Rebecca West: Words & Music

SUNSHINE ON THE MOUNTAIN
an autobiography by Rebecca Lynn West

Chapter 5


The Saddest Words


I did everything humanly possible to hold my marriage together. Every time Gary came home, which was not often, I had a fabulous dinner prepared for him. I had purchased new lingerie. I had turned our bathroom into a spa! All for him. But I never received a word of thanks or appreciation of any kind.


Then one day it dawned on me! This is not about me!


It was Gary who needed a change of heart. The emotional struggles that he had within himself attributed to his actions. So once again I gave Gary to God, knowing that the Holy Spirit was the only one who could help him. But it had to be Gary's choice.


No one is perfect. I do not claim to have been the perfect wife, but if there were any hidden problems that I was not aware of I was always willing to talk about them. But Gary never wanted to talk about anything. It seemed to me that he would close up into a shell and close the world out, including me.


I prayed as hard as I had ever prayed in my whole life. I took long walks, cried, and prayed until I was completely exhausted. The Holy Spirit was covering me during this time, and even then I felt Him close to me. My strength was gone, but God helped me through each day. I just kept running to Him more than I ever had in my life.


During this time I had a dream of a large snake. It was as large as a four-lane highway and extended as far as I could see. I sat straight up in bed and heard myself say, "There is a storm coming!" Now I understand that the Holy Spirit was telling me that I was going to face a huge trial. I did not know at that time just how harsh and painful it would be.


Gary was still involved with the church 150 miles away from our home. He was staying away more and more from home and from me. He was either living in the apartment in the basement of the church building there or with someone in that area. He continued to demand that I stay home and not accompany him there.


Over this period of nine months I had 13 dreams. As time went on, I saw all of them come to pass.


I remember in one of the dreams I saw Gary's dad crying. He was crying so hard that he was shaking all over. His heart was broken, not only for himself and Gary's mother, but also for me. I had a wonderful relationship with them. They treated me like their own daughter.


Gary's parents were aware that something was going on between Gary and me, but I never discussed it with them. For some reason at that time I did not want to talk about it with anyone other than with my friend, Mary, who lived in Branson, Missouri. The poisonous arrow of rejection had pierced my heart very deeply. I was emotionally paralyzed and found it extremely difficult to talk about it.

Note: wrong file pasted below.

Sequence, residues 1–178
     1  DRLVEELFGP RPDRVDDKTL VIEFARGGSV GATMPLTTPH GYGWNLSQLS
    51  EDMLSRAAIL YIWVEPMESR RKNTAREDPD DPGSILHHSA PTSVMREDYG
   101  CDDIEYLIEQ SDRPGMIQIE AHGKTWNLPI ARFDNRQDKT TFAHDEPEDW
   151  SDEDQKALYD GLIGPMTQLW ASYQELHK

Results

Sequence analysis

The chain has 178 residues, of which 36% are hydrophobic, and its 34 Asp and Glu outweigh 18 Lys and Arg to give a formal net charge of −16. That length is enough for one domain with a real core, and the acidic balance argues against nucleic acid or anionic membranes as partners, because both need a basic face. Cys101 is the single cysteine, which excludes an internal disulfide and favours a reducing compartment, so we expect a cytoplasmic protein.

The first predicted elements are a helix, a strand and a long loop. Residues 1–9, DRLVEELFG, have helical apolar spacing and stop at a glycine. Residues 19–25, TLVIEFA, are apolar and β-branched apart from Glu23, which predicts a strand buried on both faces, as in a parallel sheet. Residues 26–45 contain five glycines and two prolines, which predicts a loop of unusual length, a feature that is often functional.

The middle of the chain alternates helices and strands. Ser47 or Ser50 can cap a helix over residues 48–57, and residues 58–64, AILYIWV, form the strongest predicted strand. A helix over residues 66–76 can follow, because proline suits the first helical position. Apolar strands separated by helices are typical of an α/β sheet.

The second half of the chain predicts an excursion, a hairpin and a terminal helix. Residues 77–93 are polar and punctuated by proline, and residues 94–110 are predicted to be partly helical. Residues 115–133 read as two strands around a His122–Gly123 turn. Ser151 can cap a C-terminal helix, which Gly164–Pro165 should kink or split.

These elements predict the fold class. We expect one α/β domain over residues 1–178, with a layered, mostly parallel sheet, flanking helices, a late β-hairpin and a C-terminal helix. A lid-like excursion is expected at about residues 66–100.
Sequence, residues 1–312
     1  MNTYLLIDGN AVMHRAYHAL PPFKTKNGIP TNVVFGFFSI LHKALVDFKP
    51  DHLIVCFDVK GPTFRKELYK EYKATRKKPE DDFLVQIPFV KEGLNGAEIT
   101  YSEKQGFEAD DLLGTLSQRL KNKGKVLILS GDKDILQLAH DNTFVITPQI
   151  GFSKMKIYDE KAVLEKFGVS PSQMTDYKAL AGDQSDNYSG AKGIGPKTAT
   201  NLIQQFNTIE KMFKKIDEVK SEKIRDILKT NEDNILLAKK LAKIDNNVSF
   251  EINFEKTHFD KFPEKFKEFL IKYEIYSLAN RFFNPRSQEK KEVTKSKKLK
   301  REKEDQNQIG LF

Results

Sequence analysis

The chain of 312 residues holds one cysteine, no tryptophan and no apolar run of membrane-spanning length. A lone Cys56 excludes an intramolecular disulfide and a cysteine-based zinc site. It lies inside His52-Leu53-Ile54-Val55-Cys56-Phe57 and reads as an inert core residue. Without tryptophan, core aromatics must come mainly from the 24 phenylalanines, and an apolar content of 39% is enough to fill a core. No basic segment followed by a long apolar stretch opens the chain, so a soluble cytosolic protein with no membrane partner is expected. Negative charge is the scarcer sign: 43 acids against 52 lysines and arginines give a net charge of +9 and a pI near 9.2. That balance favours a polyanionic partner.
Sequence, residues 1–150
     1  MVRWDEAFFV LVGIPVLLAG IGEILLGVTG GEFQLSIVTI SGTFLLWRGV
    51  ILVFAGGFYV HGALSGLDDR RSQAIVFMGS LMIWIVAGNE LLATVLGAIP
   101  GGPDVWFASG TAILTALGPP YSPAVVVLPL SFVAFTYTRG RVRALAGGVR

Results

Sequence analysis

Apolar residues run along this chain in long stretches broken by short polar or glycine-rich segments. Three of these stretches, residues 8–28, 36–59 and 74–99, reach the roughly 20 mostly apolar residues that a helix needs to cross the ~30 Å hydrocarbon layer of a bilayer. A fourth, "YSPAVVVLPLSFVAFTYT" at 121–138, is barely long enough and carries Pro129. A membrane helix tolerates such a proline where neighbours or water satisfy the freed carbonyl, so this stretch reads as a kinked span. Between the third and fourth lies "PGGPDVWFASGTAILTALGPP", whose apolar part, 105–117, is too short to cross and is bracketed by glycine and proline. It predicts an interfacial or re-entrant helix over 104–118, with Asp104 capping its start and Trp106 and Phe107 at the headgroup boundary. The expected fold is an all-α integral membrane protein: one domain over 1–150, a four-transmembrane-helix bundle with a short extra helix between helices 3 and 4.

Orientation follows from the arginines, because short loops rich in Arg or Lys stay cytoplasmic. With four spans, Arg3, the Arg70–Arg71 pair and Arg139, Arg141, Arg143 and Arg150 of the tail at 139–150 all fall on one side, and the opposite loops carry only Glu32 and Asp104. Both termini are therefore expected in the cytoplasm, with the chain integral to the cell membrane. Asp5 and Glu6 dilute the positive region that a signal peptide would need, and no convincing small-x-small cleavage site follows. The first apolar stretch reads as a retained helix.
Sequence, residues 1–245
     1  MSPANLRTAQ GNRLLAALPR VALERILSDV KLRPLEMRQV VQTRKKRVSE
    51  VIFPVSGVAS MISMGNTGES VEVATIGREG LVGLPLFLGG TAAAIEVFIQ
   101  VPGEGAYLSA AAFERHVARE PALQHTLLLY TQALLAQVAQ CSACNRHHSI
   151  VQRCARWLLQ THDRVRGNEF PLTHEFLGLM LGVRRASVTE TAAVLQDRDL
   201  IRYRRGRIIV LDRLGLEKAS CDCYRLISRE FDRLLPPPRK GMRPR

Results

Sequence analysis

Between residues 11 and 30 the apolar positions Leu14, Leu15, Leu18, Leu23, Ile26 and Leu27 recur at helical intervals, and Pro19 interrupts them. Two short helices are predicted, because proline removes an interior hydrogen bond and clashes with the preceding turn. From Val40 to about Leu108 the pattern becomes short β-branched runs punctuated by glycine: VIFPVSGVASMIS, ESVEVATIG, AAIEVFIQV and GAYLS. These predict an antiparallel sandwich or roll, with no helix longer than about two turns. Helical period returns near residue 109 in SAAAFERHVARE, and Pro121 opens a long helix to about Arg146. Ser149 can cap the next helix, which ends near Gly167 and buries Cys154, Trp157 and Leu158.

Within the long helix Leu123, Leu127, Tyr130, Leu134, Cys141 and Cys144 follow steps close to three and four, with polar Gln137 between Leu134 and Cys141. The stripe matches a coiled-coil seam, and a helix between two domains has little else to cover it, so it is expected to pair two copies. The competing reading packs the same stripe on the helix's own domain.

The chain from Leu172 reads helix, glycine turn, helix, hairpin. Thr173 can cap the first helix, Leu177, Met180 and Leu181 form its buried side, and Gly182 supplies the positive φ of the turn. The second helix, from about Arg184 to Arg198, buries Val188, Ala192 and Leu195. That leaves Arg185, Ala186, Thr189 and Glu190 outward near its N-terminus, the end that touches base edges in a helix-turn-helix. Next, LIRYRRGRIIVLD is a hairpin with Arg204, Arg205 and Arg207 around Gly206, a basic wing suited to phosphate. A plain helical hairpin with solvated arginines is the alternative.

Mary was my very best and dearest friend. She called me every single night that Gary was away. She would listen to me talk and cry for hours. She was so compassionate and nonjudgmental. Mary lived 40 miles away, but she drove from her house to mine every week and took me to lunch. By this time I was a "zombie". I didn't know what I was doing most of the time. Mary saved my life. She helped me keep what sanity I had left. I also know that God was with me, even though I had no feeling of any emotion except pain and grief. It overtook me completely.


It was not until several people started calling our home office and asking why I didn't come to church with Gary anymore that I realized I was being lied about and lied to. I only knew that Gary was not coming home as often. I guess I did not want to admit that anything was wrong, even though it was plain to see that everything was wrong.


I was in denial.


Gary would call me every morning from Illinois and tell me that he loved me. I believed him. When you want to believe something, you will convince yourself that it is true even though your heart knows better. I was being told that the church people did not like me anymore and they were being told that I did not like them anymore! Lies and more lies.


The people were being told that Gary and I were getting a divorce, so they would call and ask me about it. It was the first I had heard of a divorce and I told them I knew nothing about it, and that we were not getting a divorce.


I was still praying that Gary would come home. He told me a couple of times that he was coming home and never going back to that area, but it never happened. I was crushed, heartbroken and at "the bottom of a pit".


One day my sister called me and said that Gary had been seen with a girl in some restaurants. It was the adopted daughter of the pastor. She had been the one that was singing with me at that church. My sister did not want to tell me this, but she knew it had to be said. Then I told my sister a little of what had happened from my point of view, but not very much. It was so difficult to talk about. Later on, my sister and I talked extensively.


Soon after this, Gary came home one day and told me that he wanted a divorce. I remember it so well. We were in our bedroom. I was sitting on the edge of the bed. Gary was in the dressing area of the bathroom, not even facing me when he said it. At that moment I went numb, but felt a dagger pierce my heart.


"I want a divorce" were the saddest words I have ever heard.




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